In my mind two solutions emerge. Either everyone stops taking drugs (somewhat unrealistic) or there must be a complete overhaul of drug legislation in this country, as the previous chief drug adviser Professor Nutt suggested to the demise of his career.

Legislating against these emerging party drugs misses the point. More legislation breeds more loopholes, which breed more dangerous and unknown risks. The problem needs to be approached from a different perspective, one that acknowledges the health risks whilst also taking account of the desire to use drugs as opposed to ignoring it altogether.

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One Comment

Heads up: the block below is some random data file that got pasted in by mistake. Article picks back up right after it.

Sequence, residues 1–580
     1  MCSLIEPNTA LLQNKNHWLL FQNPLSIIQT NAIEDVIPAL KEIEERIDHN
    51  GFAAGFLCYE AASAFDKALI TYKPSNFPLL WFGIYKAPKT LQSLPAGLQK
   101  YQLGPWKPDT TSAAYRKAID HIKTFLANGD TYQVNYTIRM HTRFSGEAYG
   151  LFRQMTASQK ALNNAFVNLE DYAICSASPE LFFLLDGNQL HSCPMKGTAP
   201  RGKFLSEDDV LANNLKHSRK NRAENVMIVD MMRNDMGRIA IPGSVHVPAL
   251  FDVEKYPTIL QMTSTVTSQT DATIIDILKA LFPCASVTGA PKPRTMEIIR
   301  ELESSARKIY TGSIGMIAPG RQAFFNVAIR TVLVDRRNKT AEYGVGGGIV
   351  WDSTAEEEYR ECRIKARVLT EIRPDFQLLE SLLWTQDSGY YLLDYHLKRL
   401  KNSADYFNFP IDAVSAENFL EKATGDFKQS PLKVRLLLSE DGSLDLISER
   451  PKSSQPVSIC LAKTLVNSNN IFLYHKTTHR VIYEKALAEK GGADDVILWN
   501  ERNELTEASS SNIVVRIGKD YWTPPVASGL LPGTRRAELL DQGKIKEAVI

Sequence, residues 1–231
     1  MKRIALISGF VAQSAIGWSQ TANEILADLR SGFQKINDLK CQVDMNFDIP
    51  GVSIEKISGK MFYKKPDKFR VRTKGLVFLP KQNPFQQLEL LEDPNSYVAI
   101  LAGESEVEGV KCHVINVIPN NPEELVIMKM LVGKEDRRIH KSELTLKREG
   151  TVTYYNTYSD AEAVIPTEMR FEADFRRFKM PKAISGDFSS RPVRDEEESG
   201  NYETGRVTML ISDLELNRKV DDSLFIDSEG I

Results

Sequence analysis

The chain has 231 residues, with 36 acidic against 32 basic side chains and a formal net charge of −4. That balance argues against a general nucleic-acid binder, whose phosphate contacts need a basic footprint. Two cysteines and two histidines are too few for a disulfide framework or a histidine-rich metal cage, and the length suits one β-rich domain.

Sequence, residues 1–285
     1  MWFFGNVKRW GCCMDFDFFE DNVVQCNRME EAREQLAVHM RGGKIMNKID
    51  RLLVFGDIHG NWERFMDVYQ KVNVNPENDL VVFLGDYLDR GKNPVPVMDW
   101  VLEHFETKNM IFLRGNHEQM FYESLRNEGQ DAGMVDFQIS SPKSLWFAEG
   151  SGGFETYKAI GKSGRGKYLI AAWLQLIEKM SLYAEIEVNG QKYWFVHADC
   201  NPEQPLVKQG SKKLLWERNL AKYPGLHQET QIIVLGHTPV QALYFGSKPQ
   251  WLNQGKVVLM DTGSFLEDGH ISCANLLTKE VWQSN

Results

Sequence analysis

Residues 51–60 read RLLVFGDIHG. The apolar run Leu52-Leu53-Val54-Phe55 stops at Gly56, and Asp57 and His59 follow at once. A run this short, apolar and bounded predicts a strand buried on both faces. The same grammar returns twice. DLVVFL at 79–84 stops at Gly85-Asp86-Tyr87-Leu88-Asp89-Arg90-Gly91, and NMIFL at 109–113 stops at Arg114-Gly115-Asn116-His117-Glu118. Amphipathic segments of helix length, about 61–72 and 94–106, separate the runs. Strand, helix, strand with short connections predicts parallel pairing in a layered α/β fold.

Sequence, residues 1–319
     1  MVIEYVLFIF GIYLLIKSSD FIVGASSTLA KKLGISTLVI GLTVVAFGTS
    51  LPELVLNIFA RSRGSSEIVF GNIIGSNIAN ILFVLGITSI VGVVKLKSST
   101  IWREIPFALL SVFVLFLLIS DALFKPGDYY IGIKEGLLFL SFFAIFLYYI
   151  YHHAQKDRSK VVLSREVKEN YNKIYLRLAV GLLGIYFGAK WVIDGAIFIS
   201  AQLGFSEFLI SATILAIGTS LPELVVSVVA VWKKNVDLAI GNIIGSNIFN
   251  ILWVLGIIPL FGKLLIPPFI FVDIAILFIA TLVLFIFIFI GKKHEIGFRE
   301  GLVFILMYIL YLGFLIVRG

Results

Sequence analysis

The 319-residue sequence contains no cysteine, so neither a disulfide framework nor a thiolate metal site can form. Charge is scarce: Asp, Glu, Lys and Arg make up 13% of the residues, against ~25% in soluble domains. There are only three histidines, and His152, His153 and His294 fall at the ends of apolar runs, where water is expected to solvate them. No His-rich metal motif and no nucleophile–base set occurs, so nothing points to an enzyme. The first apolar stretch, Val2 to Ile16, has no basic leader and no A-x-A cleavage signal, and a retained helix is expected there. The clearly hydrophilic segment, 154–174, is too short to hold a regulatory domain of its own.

1. I have just discovered that my 16year old son is snorting the stuff. Initial reactions were ‘fear’ followed by my own ignorance. After research i have mixed opinions. My son is studying AS levels and the pressure is getting to him.He uses the drug to dissapear from sight so to speak, but my concern is that he is getting it during the school day and using it during the week.This is not merely a reacreational drug for ‘fun’.It is an escapism for my son, who hates conforming to society.It has changed his moods and emotional behaviour.He has become passive intermixed with agressiveness.He is secretive and lies.The behaviour is a more prolonged and deeper version of his behaviour after smoking weed, something he has done for some time during weekends with friends.My concern is that the Meow mix is making the kids feel they are doing something ‘bader’ or ‘harder’ and this in turn gives them a high and my worry is that it can become an addiction, especially to those kids with that kind of personality, when they don’t kno when to stop! His school work has dropped from an A to U grade and warning bells are ringing all round…..any advice on how to support or help him would be appreciated.It is scary as a parent to see someone slide away down this path with little or no control!Fine as a recreational drug to someone mature enough to use it sensibly after an informed choice, but what happens when it becomes an obsession and effects life around you.